Despite fast moving and volatile markets, firms are still expected to deliver best execution and obtain the best possible results for their clients when executing their orders. ESMA and the FCA have offered some supervisory flexibility in that area – extending the deadlines for publishing relevant reports from end-March and April to 30 June – however the principle itself still needs to be observed. The FCA’s guidance emphasises that firms should take into account current market conditions when determining the importance they place on the different execution factors, and consider their use of different types of orders to manage risk during market volatility.
Large-scale remote working is likely to affect culture within firms. The longer individuals perform business and other functions outside of the standard systems and controls (and out of sight of their managers), the higher is the risk of some degree of deterioration of culture. Those risks may be heightened by the current very challenging business conditions, and the proximity of the year-end and the results season.
To preserve and reinforce the firm’s culture, senior and middle management should consider increasing the frequency and means of communicating with their staff. This should not be limited to written correspondence but importantly include also face-to-face interactions. Emphasis should also be placed on engaging with whole teams, in addition to one-on-one communications. Management should also consider other additional activities, such as online training or virtual social/team events.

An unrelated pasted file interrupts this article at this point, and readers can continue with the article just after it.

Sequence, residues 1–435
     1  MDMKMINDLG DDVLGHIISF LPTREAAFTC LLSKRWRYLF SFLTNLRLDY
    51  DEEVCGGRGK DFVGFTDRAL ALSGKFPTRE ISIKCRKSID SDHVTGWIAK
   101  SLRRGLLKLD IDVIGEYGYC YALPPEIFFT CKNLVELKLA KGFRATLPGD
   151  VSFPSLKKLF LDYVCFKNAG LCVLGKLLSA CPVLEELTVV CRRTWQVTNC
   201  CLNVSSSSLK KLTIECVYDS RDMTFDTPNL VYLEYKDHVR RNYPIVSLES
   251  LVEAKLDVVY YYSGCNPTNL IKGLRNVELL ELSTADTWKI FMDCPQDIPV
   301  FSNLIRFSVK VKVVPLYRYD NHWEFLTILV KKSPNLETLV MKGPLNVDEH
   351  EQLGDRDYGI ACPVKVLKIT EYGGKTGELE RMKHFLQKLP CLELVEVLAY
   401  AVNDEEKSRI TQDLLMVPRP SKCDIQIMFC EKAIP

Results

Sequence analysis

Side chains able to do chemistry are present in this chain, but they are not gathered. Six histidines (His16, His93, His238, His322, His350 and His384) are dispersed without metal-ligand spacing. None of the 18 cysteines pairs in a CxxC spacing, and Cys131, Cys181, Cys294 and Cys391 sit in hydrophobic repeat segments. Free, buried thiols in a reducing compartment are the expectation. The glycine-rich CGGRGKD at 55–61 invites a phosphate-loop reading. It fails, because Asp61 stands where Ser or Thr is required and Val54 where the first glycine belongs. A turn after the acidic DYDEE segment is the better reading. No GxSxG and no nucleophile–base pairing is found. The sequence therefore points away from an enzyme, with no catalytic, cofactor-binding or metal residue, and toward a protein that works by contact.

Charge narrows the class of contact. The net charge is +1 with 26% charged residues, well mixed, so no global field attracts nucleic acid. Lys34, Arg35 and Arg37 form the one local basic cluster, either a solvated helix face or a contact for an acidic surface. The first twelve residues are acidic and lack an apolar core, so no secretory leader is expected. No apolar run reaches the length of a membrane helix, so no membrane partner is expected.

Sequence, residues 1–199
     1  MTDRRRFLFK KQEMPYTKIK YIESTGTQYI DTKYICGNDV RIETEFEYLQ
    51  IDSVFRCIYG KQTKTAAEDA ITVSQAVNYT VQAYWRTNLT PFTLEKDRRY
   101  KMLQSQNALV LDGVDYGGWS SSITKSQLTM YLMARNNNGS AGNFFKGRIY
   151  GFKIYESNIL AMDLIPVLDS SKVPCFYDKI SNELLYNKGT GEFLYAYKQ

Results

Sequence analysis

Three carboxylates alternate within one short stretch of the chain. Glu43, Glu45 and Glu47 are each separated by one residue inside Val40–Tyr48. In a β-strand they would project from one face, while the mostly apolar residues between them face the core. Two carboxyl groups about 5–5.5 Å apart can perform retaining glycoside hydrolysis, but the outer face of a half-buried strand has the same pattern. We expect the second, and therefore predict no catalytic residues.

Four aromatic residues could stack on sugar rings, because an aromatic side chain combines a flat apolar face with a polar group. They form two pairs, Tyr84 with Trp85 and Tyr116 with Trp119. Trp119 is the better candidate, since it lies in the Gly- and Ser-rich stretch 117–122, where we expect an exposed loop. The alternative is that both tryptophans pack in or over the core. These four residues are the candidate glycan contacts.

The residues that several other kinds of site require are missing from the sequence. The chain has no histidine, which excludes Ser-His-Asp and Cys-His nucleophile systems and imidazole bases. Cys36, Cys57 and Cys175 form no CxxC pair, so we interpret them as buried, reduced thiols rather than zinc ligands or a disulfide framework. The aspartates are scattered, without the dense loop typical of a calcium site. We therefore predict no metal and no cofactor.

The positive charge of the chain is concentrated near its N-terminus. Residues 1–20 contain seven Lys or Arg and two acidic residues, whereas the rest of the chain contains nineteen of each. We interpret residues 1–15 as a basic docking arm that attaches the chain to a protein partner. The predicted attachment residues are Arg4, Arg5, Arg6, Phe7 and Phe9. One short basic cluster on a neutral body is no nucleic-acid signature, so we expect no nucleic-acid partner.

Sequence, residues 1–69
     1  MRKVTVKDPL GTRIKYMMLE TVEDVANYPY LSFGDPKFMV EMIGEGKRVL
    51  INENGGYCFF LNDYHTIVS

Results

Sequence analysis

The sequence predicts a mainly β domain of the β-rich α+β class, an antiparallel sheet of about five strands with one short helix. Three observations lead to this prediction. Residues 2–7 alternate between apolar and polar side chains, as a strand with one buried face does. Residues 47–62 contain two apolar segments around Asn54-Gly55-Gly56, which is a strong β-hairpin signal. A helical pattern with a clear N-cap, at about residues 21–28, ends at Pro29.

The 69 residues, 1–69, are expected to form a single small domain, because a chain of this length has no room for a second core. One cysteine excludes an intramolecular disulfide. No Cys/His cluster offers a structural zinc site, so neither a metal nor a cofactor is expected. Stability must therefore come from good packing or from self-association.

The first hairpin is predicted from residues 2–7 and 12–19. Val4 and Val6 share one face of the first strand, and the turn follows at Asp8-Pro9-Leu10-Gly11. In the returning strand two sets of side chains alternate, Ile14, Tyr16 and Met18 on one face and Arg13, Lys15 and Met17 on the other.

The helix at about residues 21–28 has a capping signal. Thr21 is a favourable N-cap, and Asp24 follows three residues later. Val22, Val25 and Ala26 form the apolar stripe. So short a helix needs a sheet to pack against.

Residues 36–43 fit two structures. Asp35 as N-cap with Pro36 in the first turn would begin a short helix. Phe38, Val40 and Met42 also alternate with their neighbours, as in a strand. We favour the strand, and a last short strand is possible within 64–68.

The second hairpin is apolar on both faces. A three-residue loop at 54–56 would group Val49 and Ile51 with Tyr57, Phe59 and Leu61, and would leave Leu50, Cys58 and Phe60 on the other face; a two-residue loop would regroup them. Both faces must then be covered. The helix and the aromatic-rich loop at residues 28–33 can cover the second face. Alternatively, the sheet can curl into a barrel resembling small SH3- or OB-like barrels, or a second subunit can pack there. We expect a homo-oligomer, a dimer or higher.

Following a tumultuous few weeks we are now seeing the first practical impacts of COVID-19 on financial services firms. Many risks have increased and new ones are emerging. While regulators are offering flexibility and forbearance in certain matters, being able to comply with regulatory requirements in this new and unfamiliar environment, and perhaps even more importantly being able to evidence this, is quickly moving to the forefront of firms’ and regulators’ interests. One conclusion is already clear – firms and their Senior Managers can expect to be scrutinised over how well they handled regulatory matters during this time. Firms need to consider now how regulatory measures can be leveraged to continue delivering positive outcomes for consumers, markets, and the economy as a whole, even during these extraordinary times.